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COMMENT An academic approach to comfort


Adrian Pargeter of Kingspan Insulation looks at the new guidance underpinning an increased focus on wellness in education environments, and the overall impact that thermal comfort has on students’ learning


eeping students focused on the task in hand is a daily challenge for anyone working within education. It doesn’t take much to lose a class’ attention and that job is made even harder when the building itself is working against you. Over recent years, a growing body of evidence has shown just how much impact conditions within the classroom can have on student wellbeing and attainment. Research has shown that environments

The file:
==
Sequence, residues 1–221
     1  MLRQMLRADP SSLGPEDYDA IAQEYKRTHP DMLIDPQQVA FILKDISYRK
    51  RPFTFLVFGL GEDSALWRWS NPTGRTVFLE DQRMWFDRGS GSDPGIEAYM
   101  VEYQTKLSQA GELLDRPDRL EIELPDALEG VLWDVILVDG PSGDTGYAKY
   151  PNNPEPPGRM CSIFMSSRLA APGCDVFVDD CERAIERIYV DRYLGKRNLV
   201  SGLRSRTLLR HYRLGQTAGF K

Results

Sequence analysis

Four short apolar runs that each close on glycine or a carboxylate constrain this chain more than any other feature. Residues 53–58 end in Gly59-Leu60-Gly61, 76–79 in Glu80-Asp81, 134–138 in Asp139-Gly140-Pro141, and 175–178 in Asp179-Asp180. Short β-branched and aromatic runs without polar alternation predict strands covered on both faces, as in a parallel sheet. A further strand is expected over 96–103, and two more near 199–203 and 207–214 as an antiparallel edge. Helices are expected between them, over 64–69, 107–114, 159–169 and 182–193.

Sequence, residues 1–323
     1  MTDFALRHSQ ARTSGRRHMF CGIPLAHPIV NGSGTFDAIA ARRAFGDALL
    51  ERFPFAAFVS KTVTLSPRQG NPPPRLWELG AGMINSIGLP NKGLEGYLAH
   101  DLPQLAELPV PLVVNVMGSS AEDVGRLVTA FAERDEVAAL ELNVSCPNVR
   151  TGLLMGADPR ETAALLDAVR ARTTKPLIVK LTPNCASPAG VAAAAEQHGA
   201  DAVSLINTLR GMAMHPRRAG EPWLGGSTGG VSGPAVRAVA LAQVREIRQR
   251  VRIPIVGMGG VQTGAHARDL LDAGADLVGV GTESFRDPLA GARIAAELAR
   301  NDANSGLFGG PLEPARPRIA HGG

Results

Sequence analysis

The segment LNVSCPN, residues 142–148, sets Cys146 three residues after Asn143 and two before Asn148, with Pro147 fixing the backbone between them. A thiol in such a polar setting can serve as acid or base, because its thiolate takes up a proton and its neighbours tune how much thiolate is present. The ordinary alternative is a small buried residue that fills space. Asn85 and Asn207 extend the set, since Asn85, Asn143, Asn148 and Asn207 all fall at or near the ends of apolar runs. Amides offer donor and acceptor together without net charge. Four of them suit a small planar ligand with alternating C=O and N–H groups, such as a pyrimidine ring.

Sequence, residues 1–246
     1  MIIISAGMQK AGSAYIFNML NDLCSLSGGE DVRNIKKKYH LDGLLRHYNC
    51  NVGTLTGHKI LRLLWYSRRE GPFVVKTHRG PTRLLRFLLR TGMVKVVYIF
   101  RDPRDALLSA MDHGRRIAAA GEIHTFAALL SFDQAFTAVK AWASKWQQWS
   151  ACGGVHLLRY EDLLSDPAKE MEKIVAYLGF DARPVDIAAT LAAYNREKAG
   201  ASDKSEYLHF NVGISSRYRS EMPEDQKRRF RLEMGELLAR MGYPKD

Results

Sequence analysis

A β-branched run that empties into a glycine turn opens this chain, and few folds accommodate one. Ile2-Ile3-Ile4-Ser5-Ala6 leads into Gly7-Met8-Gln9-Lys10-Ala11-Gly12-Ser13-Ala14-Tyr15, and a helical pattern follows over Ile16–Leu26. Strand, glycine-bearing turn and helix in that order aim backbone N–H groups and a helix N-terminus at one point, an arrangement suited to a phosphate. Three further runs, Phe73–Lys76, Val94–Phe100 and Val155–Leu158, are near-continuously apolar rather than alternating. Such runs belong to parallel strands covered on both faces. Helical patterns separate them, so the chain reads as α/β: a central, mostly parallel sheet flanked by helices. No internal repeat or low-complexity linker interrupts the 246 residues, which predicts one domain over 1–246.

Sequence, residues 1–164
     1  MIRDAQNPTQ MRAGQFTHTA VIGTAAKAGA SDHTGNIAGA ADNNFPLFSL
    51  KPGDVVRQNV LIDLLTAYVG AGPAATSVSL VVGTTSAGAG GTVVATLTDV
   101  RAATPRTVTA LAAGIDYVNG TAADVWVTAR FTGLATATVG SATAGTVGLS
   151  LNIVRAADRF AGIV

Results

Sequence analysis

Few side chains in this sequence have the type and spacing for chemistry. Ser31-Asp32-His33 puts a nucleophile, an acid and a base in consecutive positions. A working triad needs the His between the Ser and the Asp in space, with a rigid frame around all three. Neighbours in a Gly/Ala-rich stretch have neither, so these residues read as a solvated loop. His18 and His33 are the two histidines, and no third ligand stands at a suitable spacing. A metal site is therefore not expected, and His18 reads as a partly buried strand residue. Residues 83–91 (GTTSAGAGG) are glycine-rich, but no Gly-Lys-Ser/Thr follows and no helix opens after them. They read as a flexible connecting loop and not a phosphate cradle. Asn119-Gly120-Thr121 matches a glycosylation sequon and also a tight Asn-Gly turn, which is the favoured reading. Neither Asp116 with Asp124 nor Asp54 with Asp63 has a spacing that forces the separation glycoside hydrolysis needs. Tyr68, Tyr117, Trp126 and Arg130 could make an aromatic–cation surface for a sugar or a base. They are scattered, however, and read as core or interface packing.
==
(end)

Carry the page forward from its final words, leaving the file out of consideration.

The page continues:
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which students felt were too hot or too cold were associated with increased respiratory complaints while students who described their environment as “comfortable” were likely to outperform those citing it as “hot.” The question for architects is how to ensure education spaces offer these comfortable conditions? To provide clearer guidance, the Education and Skills Funding Agency recently published a thoroughly revised version of


SLIM CONSTRUCTIONS Insulation boards with low thermal conductivity allow desired U-values to be met using slim constructions


WWW.ARCHITECTSDATAFILE.CO.UK


ADF APRIL 2019


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